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This is the first morning in a few weeks where I’ve woken up and not felt like I was simultaneously being punched in the face and dragged out from under the covers against my will.  
 I’ve been reaaaal tired, yo.  
 If I didn’t work in youth ministry, I would probably need to go to the doctor and have this exhaustion examined. But as it turns out, teenagers have a pretty profound effect on ones exhaustion meter. Who knew?  
 In the car last week on the way down to our high school summer beach conference, Taylor Swift’s  22  came on and I proceeded to tell the kiddos that nothing made me realize I am most definitely NOT 22 anymore quite like that song. Just listening to it made me tired and want to switch to NPR.   
 I took a deep, exhausted sigh and looked over at the 16 and 17-year-olds in my car, windows down, singing a the the top of their lungs. W e’re happy, free, confused, and lonely in the best way… it’s miserable and magical OH YEAAAAH…  and I started laughing. We’re really not so different after all, even though I’ve got a decade on them and a college degree under my belt. But in that moment I remembered what it felt like to be a teenager and have your thoughts flit between whether or not it was going to rain at the beach and whether or not God was real.  
 There’s a lot I don’t remember about being a teenager… probably from intentional suppression or because most days were pretty ordinary. But from what I do remember, it was this scary, wonderful time where everything seemed possible and impossible at the same time. Where I worried about AP Calculus and what it meant if this man named Jesus really did die on the cross for my sins. (Mostly I thought how it probably meant I needed to be nicer to my sister and I surely needed to pay closer attention in math class.) 
 I saw myself in their faces that day in the car— windblown, excited, overly-caffeinated. I thought about 16-year-old Morgan and how different I am now… and how in 10 years, maybe these same kids will be driving a group of teenagers to the high school summer beach conference, praying they’ll learn a little more about Jesus and trying to remember what it was like to be young. 

This is the first morning in a few weeks where I’ve woken up and not felt like I was simultaneously being punched in the face and dragged out from under the covers against my will.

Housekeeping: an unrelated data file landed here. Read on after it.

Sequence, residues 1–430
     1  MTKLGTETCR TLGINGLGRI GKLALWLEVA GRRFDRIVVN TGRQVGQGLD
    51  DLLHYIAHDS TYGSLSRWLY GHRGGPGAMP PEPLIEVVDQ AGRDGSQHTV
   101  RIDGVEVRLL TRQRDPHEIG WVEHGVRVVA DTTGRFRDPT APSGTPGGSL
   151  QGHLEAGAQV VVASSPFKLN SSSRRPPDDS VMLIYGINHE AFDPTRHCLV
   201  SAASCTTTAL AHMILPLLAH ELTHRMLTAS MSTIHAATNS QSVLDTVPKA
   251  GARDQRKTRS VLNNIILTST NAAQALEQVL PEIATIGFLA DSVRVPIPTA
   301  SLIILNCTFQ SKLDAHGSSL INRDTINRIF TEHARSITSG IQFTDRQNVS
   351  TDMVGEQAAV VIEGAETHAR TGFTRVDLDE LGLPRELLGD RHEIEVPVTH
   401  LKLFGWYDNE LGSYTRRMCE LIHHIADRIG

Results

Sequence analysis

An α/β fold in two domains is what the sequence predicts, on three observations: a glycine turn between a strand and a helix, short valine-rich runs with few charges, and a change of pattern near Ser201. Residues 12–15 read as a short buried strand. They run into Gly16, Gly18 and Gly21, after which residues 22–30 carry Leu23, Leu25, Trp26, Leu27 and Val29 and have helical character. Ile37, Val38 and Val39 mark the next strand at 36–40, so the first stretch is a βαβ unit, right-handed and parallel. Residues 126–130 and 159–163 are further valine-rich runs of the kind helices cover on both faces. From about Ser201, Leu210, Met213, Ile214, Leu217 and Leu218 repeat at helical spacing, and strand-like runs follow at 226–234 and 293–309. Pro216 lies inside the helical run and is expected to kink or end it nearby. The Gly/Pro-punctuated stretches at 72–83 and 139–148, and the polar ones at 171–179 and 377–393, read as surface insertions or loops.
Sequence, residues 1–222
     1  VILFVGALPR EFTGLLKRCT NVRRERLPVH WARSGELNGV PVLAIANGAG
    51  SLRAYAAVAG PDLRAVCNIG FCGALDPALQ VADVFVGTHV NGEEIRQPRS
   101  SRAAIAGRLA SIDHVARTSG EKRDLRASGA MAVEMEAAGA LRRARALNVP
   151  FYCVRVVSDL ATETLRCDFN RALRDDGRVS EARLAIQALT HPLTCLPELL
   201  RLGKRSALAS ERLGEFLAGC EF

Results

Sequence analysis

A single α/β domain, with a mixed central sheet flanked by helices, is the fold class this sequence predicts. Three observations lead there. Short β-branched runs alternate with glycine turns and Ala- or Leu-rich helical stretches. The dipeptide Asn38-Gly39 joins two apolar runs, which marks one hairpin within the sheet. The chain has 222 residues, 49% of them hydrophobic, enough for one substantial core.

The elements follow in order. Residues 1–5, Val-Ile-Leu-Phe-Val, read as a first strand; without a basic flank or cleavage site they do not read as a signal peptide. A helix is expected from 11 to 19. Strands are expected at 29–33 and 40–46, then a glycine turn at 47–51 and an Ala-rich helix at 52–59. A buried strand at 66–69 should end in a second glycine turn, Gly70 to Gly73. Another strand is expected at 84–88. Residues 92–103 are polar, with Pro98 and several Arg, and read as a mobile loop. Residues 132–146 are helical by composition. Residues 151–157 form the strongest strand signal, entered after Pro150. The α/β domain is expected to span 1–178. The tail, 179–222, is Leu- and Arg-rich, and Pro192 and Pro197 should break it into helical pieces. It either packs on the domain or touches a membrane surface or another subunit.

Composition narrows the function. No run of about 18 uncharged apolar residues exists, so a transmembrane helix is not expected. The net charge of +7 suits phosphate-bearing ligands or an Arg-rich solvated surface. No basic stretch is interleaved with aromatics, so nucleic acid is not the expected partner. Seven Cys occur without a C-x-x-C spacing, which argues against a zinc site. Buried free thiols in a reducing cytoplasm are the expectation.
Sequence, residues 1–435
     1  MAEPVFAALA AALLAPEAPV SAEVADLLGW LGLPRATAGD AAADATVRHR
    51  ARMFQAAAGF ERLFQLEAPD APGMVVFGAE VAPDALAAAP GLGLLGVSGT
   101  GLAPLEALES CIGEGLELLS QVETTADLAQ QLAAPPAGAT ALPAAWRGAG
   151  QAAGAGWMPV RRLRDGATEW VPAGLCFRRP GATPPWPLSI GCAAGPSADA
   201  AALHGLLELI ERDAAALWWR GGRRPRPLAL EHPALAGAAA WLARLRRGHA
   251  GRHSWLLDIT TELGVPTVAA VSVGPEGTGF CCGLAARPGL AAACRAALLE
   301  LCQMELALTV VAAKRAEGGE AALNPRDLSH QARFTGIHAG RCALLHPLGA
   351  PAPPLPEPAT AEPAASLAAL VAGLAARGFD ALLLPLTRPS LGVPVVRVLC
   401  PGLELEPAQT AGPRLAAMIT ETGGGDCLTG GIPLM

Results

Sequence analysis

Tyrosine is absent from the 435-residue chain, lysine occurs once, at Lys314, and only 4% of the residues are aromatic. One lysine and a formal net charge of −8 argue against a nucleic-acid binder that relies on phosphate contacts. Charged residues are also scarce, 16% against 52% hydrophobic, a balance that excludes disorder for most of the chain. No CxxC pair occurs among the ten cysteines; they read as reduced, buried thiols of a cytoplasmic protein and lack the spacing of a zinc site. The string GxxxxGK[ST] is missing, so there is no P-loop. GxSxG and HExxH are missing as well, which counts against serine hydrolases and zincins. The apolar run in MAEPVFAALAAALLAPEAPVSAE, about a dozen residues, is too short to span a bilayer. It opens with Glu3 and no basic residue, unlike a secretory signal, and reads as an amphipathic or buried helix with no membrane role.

I’ve been reaaaal tired, yo. 

If I didn’t work in youth ministry, I would probably need to go to the doctor and have this exhaustion examined. But as it turns out, teenagers have a pretty profound effect on ones exhaustion meter. Who knew? 

In the car last week on the way down to our high school summer beach conference, Taylor Swift’s 22 came on and I proceeded to tell the kiddos that nothing made me realize I am most definitely NOT 22 anymore quite like that song. Just listening to it made me tired and want to switch to NPR.  

I took a deep, exhausted sigh and looked over at the 16 and 17-year-olds in my car, windows down, singing a the the top of their lungs. We’re happy, free, confused, and lonely in the best way… it’s miserable and magical OH YEAAAAH… and I started laughing. We’re really not so different after all, even though I’ve got a decade on them and a college degree under my belt. But in that moment I remembered what it felt like to be a teenager and have your thoughts flit between whether or not it was going to rain at the beach and whether or not God was real. 

There’s a lot I don’t remember about being a teenager… probably from intentional suppression or because most days were pretty ordinary. But from what I do remember, it was this scary, wonderful time where everything seemed possible and impossible at the same time. Where I worried about AP Calculus and what it meant if this man named Jesus really did die on the cross for my sins. (Mostly I thought how it probably meant I needed to be nicer to my sister and I surely needed to pay closer attention in math class.)

I saw myself in their faces that day in the car— windblown, excited, overly-caffeinated. I thought about 16-year-old Morgan and how different I am now… and how in 10 years, maybe these same kids will be driving a group of teenagers to the high school summer beach conference, praying they’ll learn a little more about Jesus and trying to remember what it was like to be young.